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Virginia Woolf Might Have Preferred an Audiobook

What Was Virginia Woolf Afraid Of? shines brightest when it focuses not on Woolf’s life, but on her actual words and how she used them.

To be perfectly ‘out front’ about it, What Was Virginia Woolf Afraid Of? isn’t likely winning any cinematography awards. It is, essentially, a narrated slideshow starring five academic/author/critic contributors and, of course, Virginia Woolf herself. Yes, here and there’s a flash of vibrant colour: lighthouses and crashing waves and babbling brooks. Yes, there’s atmospherically appropriate black-and-white footage of early-20th-century London, along with photos from Woolf’s life. But, alas, none of the motion picture’s actual motion or pictures demands the viewer’s attention.

What does demand the viewer’s attention are the words themselves. Particularly the contributors’ expert insights and Woolf’s own words, masterfully read by Anna Wilson-Jones. There, in the words, lies the film’s highest value. So much so, that the pictures become a distraction. Close your eyes and listen. Only your mind’s eye can do justice to gems such as “stinks like a… well, civet cat that has taken to streetwalking”.

Here is where the film shines brightest: when it focuses not on Woolf’s life, but on her actual words and how she used them. Of course, her life’s circumstances were critical to her art. Her mother’s early death, her mother-like half-sister’s early death, her sexual abuse — perpetrated by her half-brother/s — her father’s early death, her brother’s early death, her marriage AND her lesbian affairs all affected her deeply. How could they not?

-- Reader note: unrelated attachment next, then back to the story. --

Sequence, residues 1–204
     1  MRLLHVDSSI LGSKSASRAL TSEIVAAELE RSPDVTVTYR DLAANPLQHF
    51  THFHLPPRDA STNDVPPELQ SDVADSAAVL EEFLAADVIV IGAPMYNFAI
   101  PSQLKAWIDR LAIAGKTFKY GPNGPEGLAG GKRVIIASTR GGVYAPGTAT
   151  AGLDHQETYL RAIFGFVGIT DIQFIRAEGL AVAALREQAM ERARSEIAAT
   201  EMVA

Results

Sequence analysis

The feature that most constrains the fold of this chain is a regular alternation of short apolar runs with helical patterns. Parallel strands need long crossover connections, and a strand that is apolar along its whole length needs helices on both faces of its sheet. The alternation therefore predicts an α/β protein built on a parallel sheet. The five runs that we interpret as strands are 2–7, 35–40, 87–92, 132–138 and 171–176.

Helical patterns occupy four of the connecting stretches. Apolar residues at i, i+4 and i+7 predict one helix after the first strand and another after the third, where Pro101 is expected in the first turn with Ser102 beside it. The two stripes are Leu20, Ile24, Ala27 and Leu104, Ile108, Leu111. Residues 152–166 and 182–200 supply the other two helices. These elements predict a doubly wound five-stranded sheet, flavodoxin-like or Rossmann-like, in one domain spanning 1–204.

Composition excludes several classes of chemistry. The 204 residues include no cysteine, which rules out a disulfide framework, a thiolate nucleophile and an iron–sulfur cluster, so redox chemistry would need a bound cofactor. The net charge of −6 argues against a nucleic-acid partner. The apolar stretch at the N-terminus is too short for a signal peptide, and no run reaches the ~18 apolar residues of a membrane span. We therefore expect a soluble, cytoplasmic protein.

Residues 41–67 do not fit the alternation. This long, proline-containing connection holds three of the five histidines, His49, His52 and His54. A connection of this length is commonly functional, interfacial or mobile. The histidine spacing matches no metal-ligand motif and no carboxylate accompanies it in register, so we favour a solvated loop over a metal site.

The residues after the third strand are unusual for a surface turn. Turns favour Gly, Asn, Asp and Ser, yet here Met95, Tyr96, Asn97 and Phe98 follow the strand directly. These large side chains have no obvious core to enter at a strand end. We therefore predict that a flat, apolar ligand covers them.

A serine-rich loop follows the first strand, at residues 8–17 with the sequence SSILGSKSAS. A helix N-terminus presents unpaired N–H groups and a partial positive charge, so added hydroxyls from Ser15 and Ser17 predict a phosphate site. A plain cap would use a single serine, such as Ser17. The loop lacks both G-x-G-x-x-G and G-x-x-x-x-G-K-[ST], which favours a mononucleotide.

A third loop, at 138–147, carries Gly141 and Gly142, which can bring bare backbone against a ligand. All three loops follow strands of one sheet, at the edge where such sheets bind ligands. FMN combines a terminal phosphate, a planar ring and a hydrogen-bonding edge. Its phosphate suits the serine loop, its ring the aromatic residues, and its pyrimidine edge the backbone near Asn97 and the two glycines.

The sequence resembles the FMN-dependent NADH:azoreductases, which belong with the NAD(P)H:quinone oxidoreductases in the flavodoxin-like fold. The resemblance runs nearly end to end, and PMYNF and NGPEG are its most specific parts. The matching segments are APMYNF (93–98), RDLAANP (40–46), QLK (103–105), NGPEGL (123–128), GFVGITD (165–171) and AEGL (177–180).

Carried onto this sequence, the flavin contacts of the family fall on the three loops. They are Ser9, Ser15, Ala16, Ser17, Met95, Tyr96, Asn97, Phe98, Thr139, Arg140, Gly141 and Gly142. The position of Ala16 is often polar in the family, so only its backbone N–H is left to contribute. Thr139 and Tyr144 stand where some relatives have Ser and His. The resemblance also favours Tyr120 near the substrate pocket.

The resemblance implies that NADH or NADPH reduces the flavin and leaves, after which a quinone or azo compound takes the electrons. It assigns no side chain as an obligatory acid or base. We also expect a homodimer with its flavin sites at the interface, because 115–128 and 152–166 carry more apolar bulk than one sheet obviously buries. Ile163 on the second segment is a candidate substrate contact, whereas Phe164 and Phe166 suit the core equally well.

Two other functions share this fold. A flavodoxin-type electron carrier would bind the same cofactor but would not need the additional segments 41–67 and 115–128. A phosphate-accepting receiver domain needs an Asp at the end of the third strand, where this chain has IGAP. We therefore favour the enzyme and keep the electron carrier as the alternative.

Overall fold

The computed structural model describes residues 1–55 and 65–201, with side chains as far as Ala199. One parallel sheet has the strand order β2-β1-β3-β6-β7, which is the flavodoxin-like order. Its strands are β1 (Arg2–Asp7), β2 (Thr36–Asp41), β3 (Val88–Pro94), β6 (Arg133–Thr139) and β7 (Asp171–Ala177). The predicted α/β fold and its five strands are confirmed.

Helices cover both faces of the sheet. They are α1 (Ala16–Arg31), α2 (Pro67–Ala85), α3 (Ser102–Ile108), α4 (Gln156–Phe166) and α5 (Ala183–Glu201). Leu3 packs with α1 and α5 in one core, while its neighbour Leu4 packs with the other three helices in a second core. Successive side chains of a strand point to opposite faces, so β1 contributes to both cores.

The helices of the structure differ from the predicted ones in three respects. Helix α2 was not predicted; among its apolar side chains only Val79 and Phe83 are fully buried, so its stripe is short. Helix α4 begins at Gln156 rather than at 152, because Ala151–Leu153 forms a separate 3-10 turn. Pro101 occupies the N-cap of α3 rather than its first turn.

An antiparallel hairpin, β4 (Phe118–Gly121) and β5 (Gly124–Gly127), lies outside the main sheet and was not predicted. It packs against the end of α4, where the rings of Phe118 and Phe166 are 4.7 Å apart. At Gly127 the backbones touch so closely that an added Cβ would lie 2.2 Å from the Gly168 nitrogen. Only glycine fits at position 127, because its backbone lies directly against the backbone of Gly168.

But tragedy, family dysfunction and depression / mental illness do not make Virginia Woolf unique among authors or artists of all stripes. Be it Plath, Hemingway or the next-door neighbour we’ve never bothered to meet, humans are the sum of their experiences. Nothing comes from nowhere. In Woolf’s case, what she did with her experiences — her writing — is her artistic legacy. Not the experiences themselves.

And so, just after the 20-minute mark, the close listener might catch biographer Lyndall Gordon best explain Woolf’s mark on literary history: 

“She wants to turn the focus away from the traditional subjects of fiction, into the shadows of moments of being and the inner life. And to do this, she has to develop a new style. So, there’s a rationale for the lengthening of her sentences and the fragmented narrative. Because she begins to inject silences into her narrative. She accepts the fact that there is much one cannot define or even record, and one has got to allow for what can’t be said.”

But then, rapier-like, Dame Hermione Lee skilfully interjects: 

“She’s trying to get into a narrative that moves like water inside other people’s minds and lives and then goes back out again. Fades into nature and the natural world and then goes back in again.” 

Likewise, the viewer’s thinking on Woolf’s work shifts, yet again. This sort of interplay typifies much of the film’s 47-odd minutes. Commentary from the expert panel interweaves with readings of Woolf’s writings, most notably, her letters/diary, The Waves, To the Lighthouse, Mrs Dalloway and Orlando, to form a narrative analysis of her life and work. Indeed, after Woolf’s own fashion, these jumps in perspective carry the day. 

Until, sadly, at the film’s end, the River Ouse carries away Virginia Woolf.

What Was Virginia Woolf Afraid Of? is available on DVD now.

Images: Virginia Woolf © Getty

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